An indictment is a written accusation that charges a person with a crime or other offense and is submitted to the court for trial of the accused defendant. The indictment is drawn up by the prosecuting attorney. Traditionally the indictment is then affirmed by the Grand Jury. For this affirmation to occur, the grand jury must have been provided enough evidence to demonstrate sufficient cause for prosecutors to have a criminal Trial. In the United States, the Indictment is one of three methods of charging offenses. The Information, a written accusation that resembles the Indictment, is also prepared by the prosecutor and submitted to court. For minor offenses, a complaint may be filed with the court by another party or by a police officer. An indictment may contain several counts (individual charges). If an individual is indicted for a crime, he or she has an opportunity to obtain legal counsel and decide what plea to offer at the Arraignment. Any or all of the counts within an indictment can result in convictions or dismissals.    

If a criminal case has not been downgraded, diverted, dismissed, or pled out the prosecutor will present the case to a Grand Jury for an indictment. The grand jury is composed of a group of citizens who have been selected from voter registration lists. It is their civic duty to serve. They consider evidence presented by the county prosecutor and determine if there is sufficient evidence to formally charge the defendant and oblige him to respond to the charge(s). The indictment is not a finding of guilt or a conviction. Neither the accused or his attorney are present. Witnesses may testify regarding the crime. Defendants may testify; however, if they do, they surrender rights against self-incrimination that are guaranteed by the constitution. After considering the prosecutor's evidence and the testimony of witnesses, if a majority of the 23 jurors vote to indict the defendant, he must face further criminal action. This finding is a true bill and results in continued prosecution, with the case going to Trial unless a plea bargain occurs, negotiating to a lesser charge and the prosecutor and defense attorney agreeing to a recommended consequence for the defendant.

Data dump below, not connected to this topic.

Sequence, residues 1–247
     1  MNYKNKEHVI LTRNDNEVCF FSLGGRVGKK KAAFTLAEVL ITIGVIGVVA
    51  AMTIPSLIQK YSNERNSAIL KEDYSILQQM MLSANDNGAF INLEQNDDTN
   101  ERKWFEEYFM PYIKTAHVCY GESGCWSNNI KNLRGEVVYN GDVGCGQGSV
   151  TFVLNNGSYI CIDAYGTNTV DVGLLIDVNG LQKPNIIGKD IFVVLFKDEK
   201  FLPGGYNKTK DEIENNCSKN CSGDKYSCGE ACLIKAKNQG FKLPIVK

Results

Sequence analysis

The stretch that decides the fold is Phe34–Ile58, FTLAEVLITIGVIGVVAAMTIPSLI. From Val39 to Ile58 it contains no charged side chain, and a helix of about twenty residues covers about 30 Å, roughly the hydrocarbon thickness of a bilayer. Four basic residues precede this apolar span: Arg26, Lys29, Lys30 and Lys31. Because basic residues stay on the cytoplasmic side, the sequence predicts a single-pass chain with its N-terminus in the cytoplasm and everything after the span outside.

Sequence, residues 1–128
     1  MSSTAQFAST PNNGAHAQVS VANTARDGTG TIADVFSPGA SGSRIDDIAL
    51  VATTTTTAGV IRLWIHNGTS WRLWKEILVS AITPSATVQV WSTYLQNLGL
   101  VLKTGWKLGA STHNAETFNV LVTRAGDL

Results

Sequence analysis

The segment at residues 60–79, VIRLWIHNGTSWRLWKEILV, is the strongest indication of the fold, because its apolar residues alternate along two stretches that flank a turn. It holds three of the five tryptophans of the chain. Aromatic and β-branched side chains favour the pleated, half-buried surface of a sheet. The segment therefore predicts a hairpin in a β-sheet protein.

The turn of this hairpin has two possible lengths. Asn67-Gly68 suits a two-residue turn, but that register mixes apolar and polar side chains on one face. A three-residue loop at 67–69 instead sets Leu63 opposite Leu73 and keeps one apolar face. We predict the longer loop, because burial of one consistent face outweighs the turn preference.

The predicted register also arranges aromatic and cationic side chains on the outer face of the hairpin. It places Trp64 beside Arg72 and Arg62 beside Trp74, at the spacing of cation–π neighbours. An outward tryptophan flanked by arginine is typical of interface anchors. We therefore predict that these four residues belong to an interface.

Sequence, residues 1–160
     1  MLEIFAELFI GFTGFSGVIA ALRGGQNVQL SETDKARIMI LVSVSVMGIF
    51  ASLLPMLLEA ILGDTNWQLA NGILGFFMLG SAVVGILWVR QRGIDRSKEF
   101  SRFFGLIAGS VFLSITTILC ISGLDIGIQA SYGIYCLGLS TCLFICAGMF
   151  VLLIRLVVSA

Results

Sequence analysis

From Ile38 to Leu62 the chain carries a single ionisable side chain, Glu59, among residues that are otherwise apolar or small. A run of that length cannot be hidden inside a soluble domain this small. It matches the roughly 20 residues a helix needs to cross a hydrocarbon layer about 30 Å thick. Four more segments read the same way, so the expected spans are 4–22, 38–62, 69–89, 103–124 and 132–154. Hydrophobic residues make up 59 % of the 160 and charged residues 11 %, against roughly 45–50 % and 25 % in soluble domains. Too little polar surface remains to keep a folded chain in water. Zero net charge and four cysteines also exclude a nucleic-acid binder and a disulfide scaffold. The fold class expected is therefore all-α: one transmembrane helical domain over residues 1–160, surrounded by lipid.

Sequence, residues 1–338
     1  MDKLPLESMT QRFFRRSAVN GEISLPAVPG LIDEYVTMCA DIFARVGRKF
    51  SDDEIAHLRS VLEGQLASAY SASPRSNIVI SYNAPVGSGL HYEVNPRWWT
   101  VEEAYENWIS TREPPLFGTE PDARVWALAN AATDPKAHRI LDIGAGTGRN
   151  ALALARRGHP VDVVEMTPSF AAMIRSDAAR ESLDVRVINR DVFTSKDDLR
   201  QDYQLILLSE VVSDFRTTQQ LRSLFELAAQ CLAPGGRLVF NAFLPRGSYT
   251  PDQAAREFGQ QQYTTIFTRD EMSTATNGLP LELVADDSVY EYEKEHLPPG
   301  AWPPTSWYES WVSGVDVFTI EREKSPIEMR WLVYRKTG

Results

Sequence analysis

If a majority finds the evidence to be insufficient to indict, the Grand Jury enters a no bill and the charge(s) are dismissed. The jury may, however, decide to charge the defendant with a less serious offense, to be heard in court. In this instance, the offense has been downgraded or remanded. The accused must appear in court to face the lesser charge.

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